The question is what kept those people around Umar (RA) calm? And the answer is pretty simple, they established the congregational prayer regularly. Therefore discipline and calmness was their habit. Unfortunately, today if you go to a masjid at the time of prayer, you’d see half a row of people praying together only. It is a sight that stabs our hearts everytime we see it. Nothing can unite us more or strengthen our bonds more than praying together in the masjid at the prescribed times. The benefits of the congregational prayer alone deserve a separate post.
After the prayer finished, Umar (RA) talked to his companions without any display of pain or self pity, asking them who had stabbed him. He was carried to his home and the people of the city felt as if they had never suffered a bigger calamity before. He was made to drink some infusion of dates and milk, but it came out of his stomach. Imagine the pain he would be going through and imagine the sadness of the people for their beloved leader.
…A young man came saying, “O chief of the believers! Receive the glad tidings from Allah to you due to your company with Allah’s Messenger (ﷺ) and your superiority in Islam which you know. Then you became the ruler (i.e. Caliph) and you ruled with justice and finally you have been martyred.” `Umar said, “I wish that all these privileges will counterbalance (my shortcomings) so that I will neither lose nor gain anything.”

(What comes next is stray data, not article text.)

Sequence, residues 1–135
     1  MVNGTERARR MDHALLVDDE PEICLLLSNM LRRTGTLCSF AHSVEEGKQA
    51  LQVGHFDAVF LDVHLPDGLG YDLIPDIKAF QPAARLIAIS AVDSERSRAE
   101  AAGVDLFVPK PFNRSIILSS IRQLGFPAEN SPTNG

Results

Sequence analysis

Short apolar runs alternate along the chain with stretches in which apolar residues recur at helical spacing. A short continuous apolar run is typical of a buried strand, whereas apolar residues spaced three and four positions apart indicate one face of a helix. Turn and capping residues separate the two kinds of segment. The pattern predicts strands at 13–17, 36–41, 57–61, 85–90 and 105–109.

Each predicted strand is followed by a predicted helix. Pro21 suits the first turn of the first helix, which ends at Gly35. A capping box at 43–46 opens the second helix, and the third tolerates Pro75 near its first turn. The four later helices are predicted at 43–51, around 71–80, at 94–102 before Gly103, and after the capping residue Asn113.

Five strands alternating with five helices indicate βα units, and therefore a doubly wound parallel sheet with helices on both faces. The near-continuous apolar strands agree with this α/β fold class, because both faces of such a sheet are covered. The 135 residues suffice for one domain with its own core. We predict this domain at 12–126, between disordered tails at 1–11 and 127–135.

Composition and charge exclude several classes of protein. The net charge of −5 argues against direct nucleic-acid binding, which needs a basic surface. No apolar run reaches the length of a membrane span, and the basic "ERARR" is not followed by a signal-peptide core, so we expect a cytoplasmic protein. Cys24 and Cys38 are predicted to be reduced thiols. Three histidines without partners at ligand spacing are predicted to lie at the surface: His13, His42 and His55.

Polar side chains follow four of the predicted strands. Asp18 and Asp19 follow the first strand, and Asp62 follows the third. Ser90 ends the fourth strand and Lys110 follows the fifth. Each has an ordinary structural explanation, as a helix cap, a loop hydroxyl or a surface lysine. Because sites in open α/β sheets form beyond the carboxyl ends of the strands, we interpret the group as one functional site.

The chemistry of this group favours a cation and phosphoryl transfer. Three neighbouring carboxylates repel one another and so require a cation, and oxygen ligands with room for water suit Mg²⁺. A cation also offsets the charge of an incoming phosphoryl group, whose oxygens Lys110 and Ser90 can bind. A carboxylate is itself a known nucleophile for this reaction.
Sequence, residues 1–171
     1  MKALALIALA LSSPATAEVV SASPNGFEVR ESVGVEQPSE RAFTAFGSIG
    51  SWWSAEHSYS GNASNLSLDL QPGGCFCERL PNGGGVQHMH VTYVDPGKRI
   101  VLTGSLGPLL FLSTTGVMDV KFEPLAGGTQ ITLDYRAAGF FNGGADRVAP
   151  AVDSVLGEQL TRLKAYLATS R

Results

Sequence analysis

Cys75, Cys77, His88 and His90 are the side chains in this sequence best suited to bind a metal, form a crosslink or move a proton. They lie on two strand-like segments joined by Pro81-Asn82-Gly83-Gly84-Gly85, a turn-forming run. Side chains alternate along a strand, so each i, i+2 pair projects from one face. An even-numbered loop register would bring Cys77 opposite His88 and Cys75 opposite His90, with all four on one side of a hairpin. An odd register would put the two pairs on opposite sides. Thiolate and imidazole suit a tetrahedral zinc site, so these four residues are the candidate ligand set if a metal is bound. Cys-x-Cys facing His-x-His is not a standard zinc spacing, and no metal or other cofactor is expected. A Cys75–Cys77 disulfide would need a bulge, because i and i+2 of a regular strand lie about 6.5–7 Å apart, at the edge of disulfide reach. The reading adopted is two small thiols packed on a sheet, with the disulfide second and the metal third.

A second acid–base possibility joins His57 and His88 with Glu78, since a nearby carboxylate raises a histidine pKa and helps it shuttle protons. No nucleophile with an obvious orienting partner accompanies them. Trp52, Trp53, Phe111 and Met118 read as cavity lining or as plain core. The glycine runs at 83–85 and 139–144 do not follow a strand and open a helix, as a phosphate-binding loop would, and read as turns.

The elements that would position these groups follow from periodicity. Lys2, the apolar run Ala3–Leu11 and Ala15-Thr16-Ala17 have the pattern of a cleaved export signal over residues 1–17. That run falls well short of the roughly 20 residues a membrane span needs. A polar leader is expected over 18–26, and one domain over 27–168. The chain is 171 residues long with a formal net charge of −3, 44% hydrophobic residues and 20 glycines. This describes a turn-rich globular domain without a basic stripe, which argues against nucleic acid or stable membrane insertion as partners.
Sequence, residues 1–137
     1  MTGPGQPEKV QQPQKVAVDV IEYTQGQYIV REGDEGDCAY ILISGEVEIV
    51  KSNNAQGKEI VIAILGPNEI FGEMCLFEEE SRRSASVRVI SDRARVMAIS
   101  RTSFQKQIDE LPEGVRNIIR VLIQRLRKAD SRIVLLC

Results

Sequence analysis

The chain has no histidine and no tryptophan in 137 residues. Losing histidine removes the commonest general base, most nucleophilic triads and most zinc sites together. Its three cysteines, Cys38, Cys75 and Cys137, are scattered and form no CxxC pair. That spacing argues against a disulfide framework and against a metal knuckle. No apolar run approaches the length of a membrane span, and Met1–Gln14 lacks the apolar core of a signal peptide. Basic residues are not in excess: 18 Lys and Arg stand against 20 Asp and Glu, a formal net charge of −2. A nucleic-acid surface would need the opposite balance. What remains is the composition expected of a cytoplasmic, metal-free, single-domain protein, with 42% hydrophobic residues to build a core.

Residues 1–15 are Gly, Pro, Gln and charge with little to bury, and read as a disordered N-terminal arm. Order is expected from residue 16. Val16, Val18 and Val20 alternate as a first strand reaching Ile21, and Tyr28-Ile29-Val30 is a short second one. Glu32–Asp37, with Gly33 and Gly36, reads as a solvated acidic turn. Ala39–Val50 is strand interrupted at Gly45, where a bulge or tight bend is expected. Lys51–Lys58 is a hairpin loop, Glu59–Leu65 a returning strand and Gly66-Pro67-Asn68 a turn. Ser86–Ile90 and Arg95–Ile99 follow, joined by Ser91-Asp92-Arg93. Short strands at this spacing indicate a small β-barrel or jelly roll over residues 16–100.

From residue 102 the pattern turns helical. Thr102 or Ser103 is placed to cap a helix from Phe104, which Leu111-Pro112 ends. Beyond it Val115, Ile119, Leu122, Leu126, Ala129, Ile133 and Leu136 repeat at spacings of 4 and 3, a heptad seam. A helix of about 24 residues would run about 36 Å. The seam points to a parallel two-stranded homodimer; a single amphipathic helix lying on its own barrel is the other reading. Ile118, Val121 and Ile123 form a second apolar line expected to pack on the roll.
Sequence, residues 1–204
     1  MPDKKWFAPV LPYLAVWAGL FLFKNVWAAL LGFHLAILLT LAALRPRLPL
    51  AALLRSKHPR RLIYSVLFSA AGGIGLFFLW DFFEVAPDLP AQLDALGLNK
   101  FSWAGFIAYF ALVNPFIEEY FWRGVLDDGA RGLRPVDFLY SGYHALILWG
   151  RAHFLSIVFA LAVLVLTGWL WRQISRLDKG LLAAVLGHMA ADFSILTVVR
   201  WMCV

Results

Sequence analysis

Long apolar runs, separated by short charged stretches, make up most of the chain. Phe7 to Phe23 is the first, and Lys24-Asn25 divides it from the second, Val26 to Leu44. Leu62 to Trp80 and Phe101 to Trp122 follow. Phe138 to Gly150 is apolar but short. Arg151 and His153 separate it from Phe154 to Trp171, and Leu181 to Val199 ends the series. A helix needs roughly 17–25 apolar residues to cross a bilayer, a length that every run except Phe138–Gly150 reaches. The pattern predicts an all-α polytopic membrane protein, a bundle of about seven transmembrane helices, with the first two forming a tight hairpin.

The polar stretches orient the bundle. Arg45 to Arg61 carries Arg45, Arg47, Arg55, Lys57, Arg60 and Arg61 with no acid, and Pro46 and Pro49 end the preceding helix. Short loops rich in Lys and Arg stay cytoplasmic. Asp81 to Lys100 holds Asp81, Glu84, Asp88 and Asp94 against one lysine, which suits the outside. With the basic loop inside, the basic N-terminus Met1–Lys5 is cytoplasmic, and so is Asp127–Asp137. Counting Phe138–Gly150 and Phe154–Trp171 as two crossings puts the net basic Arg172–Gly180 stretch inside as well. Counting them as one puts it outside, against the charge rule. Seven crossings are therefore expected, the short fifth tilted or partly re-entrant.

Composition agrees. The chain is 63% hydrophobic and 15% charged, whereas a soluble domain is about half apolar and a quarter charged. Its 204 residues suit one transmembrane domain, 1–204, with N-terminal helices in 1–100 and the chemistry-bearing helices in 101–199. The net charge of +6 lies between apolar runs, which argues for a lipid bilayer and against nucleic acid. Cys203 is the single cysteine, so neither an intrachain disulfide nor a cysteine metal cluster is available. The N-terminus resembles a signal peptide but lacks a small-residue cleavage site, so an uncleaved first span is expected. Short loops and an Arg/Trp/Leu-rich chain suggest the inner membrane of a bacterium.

No doubt he was just and fair, he had ruled to the best of his ability and yielded amazing results. But you don’t even see a speck of arrogance, nor even contentment upon the quality of his work. Rather you see him being afraid of accountability. Only hoping to be forgiven. Sadly, those who rule without justice and responsibility, demonstrate pride and satisfaction over don’t know what.
When the young man turned back to leave, his clothes seemed to be touching the ground. `Umar said, “Call the young man back to me.” (When he came back) `Umar said, “O son of my brother! Lift your clothes, for this will keep your clothes clean and save you from the Punishment of your Lord.”
He is wounded badly and near his death but he doesn’t fail to notice what’s not right around him and strives to correct it in the best manner possible, with sincerity and honesty. Because he felt it was his responsibility to save the young man from clear error.
We stop doing our own personal work when we feel unwell or sad, let alone calling others to good and stopping them from evil. We think too much about ourselves in contrast to this just man who thought of everyone else even in his own suffering. He continued to instruct his companions with an exemplary presence of mind, making sure he missed out no important detail and left no one under his rule ignored and speaking only that which was good and beneficial. The question that bugs is how could he use his mind and that too so well and talk so calmly in such a state? Again, the answer is simple. Because he had done it all his life. Whatever you did your whole life, you’ll end up doing that near your death. It’s like a default position. And default does not require too much effort. The one who spent his life talking good and used his mind well, will be able to talk good and use his mind easily in old age, in a calamity and near his death. And the converse holds true as well.
Though the story does not end here and its beauty does not diminish till the end, but I must stop as my post is getting long. :)
May Allah make us true followers of Islam and people of justice. And raise us on the Day of Judgement with the Prophets, martyrs, truthful and righteous people.
Read the whole story here and extract the amazing gems from it yourself: click for complete narration.
Poem on the legendary heroes of Islam: